If this sparked your interest a little bit, please click here to find out more about Zentangles.  This website describes its characteristics as: intuitive, fun and relaxing, unexpected results, ceremonial, timeless, portable, quality, non-technical, and empowering.  Here are some sample Zentangle patterns.  Or, just Google Zentangle images and you will see the endless possibilities this art can bring onto a sheet of blank paper.  Won't you try it?  You'll see for yourself how tranquil and relaxing this project can be!

So, Dear Zentangles, am I ever glad to have tried you!  I cannot wait to see all the pictures that we will come up with once I get the supplies: watercolor paper, fine, extra fine, or ultra fine Sharpie pens, and watercolor paint.  Oh, a pencil to start, too.  Perhaps it will be a great activity on a rainy weekend to calm the cluttered and tired mind.

Zen.  It's what we seek for enlightenment and personal insight. 

Sincerely,
Me


12 comments:

  1. These are awesome. It reminds me of a drawing Middle daughter made in art last year. I have it hanging on the wall because I love it so much. :)

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    1. Thank you so much! I wonder if your daughter learned Zentangles at school... It's a real possibility, since I heard from a friend today that her State Association for Gift Children offered classes for Zentangles at the last two conferences, and she was not able to get into either one! I'm heading out to Michael's later this week to get my Sharpies! Thanks for dropping by, Susi!

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  2. Wow! Awesome. What a lovely result from your session. The stark black and white lines of your husband's painting is bold and striking. Your son's work reminds me of a batik print; your daughter's work is clean and elegant; and yours is like an impressionist painting. What a lovely way to spend an afternoon with family.

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    1. Thank you, Imelda! We really had a wonderful time--all four of us! I love to draw and DH has always been a doodler. And it seems as if the kiddos enjoyed the art as well. We'll definitely be making more Zentangles!

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  3. That is amazing girl!!!

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    1. Thanks, Helen! I loved, loved, loved this art lesson! Anyone can do it!

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  4. I've never heard of this, but it looks like it was a fun family activity. My eye is drawn to how your son colored his. I like that the colors are almost in stripes, not necessarily by object. I also think it's cool how you and your son seem to be on the same wavelength, and your husband and your daughter synced up well. I'd say this would definitely be worth buying sharpies for. You may end up with enough to wallpaper a room! (only teasing.)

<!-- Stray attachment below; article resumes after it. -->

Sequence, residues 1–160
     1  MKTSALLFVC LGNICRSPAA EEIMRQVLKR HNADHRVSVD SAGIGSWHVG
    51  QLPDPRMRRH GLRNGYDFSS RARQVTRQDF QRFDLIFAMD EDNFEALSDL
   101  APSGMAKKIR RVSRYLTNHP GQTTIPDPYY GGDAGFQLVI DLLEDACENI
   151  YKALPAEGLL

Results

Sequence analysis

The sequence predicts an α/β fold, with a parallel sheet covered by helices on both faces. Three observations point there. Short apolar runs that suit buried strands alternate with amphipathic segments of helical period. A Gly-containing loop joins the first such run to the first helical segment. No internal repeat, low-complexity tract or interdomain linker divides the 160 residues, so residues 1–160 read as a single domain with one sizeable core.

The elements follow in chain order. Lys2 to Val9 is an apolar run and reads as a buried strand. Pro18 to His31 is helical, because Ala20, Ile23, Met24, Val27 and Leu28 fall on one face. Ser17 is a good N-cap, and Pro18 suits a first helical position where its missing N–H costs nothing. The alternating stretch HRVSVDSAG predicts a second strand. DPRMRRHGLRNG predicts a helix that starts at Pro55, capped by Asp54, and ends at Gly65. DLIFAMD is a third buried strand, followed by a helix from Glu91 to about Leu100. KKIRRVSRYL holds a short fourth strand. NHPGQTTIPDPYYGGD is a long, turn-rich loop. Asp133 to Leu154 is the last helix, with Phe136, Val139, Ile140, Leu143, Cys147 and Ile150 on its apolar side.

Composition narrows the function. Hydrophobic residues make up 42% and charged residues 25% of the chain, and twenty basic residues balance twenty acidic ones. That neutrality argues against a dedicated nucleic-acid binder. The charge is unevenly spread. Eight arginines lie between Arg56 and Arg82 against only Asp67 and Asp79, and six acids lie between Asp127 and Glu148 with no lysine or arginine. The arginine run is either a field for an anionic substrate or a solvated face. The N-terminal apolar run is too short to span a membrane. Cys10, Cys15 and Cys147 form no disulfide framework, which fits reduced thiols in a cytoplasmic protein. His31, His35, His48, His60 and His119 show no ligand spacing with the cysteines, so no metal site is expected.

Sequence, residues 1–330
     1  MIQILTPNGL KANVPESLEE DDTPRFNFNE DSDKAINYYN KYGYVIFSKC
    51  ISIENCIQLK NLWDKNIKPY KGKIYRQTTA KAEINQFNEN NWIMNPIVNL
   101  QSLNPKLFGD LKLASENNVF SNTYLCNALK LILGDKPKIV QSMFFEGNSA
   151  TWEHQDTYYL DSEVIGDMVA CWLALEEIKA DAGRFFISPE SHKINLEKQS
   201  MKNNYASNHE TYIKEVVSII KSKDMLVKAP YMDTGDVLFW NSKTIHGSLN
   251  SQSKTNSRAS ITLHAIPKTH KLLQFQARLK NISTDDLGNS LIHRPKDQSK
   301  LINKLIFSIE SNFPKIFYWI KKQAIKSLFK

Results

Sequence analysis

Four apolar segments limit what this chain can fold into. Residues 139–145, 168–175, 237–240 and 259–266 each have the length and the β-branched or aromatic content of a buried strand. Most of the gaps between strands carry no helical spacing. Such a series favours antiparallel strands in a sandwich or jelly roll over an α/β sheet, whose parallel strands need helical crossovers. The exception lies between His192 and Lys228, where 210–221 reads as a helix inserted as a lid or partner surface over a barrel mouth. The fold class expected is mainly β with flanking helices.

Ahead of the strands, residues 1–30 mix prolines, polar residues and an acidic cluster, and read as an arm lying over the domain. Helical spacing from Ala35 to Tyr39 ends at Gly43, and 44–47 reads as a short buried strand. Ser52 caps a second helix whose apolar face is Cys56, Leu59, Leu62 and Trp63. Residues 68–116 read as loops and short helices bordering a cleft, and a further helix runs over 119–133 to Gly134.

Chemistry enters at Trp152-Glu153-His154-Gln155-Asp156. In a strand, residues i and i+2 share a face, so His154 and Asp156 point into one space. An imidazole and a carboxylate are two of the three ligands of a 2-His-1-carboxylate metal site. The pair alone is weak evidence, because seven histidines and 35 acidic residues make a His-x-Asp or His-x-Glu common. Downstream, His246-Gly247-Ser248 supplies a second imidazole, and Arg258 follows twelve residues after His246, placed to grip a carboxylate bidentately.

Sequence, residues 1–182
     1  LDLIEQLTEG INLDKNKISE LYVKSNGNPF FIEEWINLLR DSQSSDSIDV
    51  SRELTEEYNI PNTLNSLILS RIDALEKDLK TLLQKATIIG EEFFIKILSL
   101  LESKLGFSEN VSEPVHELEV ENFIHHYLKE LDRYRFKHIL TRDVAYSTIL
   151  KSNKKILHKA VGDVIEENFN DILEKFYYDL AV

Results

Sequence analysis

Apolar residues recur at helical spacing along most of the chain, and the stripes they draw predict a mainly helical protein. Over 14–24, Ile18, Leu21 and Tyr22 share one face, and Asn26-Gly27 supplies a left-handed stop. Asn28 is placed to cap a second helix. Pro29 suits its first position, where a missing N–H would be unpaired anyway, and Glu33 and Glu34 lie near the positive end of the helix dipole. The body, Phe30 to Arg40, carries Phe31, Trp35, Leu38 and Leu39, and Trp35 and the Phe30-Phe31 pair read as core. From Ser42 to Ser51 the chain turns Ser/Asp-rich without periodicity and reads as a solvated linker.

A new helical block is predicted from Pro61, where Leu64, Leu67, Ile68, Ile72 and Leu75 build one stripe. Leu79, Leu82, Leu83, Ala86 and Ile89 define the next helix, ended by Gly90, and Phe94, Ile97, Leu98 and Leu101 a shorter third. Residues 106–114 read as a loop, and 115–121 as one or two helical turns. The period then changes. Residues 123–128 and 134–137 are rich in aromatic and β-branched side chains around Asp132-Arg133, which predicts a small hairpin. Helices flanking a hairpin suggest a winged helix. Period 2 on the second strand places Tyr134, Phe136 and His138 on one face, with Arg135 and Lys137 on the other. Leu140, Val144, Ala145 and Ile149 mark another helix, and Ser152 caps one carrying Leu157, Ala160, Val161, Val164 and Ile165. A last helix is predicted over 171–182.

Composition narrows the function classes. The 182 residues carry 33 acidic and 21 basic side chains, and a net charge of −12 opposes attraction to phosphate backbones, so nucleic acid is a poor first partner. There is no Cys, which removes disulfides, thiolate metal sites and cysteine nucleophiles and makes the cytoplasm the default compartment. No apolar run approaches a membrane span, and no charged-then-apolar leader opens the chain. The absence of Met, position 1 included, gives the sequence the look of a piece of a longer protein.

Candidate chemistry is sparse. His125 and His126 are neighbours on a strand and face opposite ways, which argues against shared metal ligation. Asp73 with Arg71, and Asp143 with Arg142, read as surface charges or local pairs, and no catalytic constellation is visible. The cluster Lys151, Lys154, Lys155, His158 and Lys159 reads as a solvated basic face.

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    1. That is very interesting observation, Janna! I hadn't thought about how our zentangles corresponded with each others' that way. And even if we don't fill up a wall, we may just fill up a notebook of deliberate, relaxing, and fun doodles. Thanks for reading!

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  5. I. LOVE. THIS! You all are quite the talented artists! I have never heard of this before, but I assure you that I will be trying this. I went to the website and I see how it can be so relaxing to do with a beautiful outcome! Thank you for sharing!

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    1. Please, do try, Cassie! And tell me (or write about) your experience with it! I think all of our stockings will have a few Sharpie pens in them this year . I had never heard of this before, either, and am I glad to know it now! Thank you so much for stopping by!

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  6. How awesome, a family art session! Sounds like great family time!!!! And I can't believe DS at age 5 did that! And the rest of you also did a wonderful graphic job! Nice framing too. Glad you framed and hung them! They really are pretty spectacular!!!!!!!!!

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    1. Lisa, I cheated with these pics. The teacher gave us the mats for framing, but I haven't bought the frames for them yet! I just took the pictures for posting them here. I am glad it looked as good as framed, though! We made some more Zentangles a few days ago. You will see them on Instagram! Thanks for reading and your sweet comments!